New: Sequential Relative Strength Screener

We have added a new tool for subscribers, the Sequential Screener, to compliment the Sequential Relative Strength backtest.

Sequential Relative Strength seeks to identify short-term weakness within a strong longer-term up trend by employing a two stage process.  The Sequential Screener displays the rankings and composition of both the first and second stages on any trading date.  The side-by-side layout makes it much easier to assess the current situation than the regular screener and can be helpful in anticipating changes in the run up to a rotation.



Focusing In On A Sector With Sequential Relative Strength With ETF Backtesting

Sequential Relative Strength Is Powerful.   Rather than always have the same list to go through, it automatically ranks a list and then only uses that sublist to choose from in a 2nd ranking...  Keep in mind that over past few years you have still 'lost' money nearly 40% of the time -- so don't think that this is super easy to actually execute.  It never seems like that...  But keep working at finding good lists and making good entries and over time you will outperform and if you outperform an index that does well, you can do really well.


Using a Regime ETF Backtest To Address Market Cap Weighting Skewing Benchmark Returns

This model is simple yet addresses an important issue for those that want to compete against a benchmark.

In order to compete against a specific benchmark, it makes sense to understand that benchmark.   If you totally ignore it, you can do great but at times you will probably get frustrated because your strategy is totally out of sync.

So take the example of a logical model of  S&P Equal Weight vs NASDAQ Equal Weight.   This is a pretty good indicator but at the same time, the S&P Equal Weight is wildly different portfolio than the weighted S&P because of the fact that market weight S&P is strongly skewed to the big, very profitable money-making S&P names (AAPL, AMZN, MSFT etc).  

This backtest addresses that by using our Regime model.  It still uses S&P EW vs NASDAQ EW as its indicator -- but then when it comes to actually buying and selling, it uses market cap weighted QQQ and market cap weighted OEF (S&P 100).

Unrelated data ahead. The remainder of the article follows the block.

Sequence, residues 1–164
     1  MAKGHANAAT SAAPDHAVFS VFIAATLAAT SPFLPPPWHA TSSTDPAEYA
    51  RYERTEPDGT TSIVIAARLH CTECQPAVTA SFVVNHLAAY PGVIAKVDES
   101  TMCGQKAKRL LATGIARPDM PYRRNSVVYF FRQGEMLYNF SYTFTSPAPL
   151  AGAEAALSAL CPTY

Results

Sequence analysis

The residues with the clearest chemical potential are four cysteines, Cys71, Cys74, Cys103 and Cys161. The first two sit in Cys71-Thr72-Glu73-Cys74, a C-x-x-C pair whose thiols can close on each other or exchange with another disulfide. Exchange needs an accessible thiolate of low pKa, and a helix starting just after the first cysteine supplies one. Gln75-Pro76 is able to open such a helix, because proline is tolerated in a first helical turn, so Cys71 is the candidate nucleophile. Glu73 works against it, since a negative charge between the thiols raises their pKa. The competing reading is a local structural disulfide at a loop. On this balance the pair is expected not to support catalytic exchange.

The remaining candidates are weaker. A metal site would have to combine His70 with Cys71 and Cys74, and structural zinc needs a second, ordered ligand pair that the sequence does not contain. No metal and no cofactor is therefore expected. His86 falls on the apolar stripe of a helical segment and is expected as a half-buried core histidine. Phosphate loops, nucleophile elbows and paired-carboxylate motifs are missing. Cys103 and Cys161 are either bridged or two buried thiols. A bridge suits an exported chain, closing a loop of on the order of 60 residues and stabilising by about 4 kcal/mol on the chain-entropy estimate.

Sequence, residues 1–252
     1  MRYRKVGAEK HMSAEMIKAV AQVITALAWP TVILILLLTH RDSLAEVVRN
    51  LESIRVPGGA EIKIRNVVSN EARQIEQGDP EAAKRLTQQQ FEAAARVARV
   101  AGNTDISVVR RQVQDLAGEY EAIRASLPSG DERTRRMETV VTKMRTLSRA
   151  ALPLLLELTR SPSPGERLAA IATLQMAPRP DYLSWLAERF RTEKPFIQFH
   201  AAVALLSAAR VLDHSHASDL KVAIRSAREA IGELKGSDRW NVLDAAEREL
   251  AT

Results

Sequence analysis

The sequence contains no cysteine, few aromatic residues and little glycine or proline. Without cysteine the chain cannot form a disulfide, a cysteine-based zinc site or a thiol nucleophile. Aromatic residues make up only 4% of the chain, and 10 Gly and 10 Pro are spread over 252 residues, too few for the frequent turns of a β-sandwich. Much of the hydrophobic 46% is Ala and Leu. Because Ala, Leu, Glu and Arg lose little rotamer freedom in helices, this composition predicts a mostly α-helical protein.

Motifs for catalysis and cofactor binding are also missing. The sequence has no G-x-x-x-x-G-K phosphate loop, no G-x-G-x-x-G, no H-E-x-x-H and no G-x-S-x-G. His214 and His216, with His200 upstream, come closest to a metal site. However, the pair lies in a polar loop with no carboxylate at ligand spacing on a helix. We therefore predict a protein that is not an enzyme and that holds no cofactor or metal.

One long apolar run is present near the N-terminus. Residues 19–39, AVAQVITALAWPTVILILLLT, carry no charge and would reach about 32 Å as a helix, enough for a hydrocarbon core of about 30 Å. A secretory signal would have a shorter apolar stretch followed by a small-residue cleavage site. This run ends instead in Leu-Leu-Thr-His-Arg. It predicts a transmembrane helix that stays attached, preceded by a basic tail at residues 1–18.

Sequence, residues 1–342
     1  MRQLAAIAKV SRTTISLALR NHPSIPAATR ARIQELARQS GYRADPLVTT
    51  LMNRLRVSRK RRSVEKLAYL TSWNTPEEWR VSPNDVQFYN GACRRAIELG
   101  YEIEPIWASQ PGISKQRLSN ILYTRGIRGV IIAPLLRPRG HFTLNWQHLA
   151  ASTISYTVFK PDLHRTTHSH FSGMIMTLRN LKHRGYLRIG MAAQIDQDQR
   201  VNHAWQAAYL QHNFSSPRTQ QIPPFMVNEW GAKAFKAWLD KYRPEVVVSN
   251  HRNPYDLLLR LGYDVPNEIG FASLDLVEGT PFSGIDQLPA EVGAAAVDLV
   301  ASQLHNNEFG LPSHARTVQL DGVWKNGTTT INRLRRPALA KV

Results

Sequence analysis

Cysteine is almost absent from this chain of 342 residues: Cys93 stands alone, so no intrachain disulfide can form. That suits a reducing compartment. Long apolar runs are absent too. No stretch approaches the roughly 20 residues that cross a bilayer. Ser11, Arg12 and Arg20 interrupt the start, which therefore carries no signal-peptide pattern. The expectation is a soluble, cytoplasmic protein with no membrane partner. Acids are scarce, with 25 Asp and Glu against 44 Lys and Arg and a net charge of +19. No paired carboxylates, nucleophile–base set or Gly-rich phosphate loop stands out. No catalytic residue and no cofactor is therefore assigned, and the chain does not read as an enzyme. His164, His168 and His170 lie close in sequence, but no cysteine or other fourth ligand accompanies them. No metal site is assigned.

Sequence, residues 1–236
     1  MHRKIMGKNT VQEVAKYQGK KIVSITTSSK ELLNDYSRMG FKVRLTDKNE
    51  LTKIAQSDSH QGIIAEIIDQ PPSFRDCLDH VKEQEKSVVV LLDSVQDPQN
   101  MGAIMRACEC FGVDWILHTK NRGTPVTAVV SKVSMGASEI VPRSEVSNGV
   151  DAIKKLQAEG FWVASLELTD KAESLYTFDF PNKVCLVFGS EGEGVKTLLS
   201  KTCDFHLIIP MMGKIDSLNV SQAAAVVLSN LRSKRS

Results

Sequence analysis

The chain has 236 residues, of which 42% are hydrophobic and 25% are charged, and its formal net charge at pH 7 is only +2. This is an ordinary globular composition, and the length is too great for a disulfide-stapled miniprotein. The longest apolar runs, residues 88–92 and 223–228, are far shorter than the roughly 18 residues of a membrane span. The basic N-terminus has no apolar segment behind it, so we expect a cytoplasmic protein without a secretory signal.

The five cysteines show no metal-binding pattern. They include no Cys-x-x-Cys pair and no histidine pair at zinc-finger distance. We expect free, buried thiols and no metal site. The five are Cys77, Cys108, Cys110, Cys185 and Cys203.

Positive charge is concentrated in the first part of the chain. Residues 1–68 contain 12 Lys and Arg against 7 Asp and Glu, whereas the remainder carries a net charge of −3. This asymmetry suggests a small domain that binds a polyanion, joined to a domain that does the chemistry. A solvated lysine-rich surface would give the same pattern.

Take a look;

Backtesting Stocks

Q.  "I have seen a few examples using ETFreplay to backtest stocks. This is something I would like to do but I don't see where this can be done on the website. Can you help?"

A. To see the list of available stocks hover over 'Summary' in the main menu, under 'U.S. Equity', click on 'Stocks'.  The list is prmarily made up of the main holdings of the large ETFs, which are obviously our focus. There are also a few other interesting names and a small number of ADRs. These stocks can be added to portfolios, just like ETFs and mutual funds, and can be used with all backtesting modules and tools.



Sequential Relative Strength Stock and ETF Backtesting

Note: during the launch of our new application called Sequential Relative Strength, we are allowing all accounts to create portfolios using individual stocks. This app module is able to expand on the core Portfolio Relative Strength and add a 2nd stage to help improve entry points.

The idea behind this module is to more easily combine intermediate-term relative strength with short-term mean reversion. Short term weakness within a strong long-term trend is normal. Try running your backtest with this mean-reversion added and then compare it to a model which does the opposite. Analyze the results. Think about the volatility of the resulting equity curve. Look at sub-periods. Are the results highly lumpy? Were the results achieved in earlier years but fade in recent years? These are some of the things ETFreplay was created to do -- not just look at the return of a strategy -- but to decompose it and analyze it to try to find something that is more robust. #STUDY

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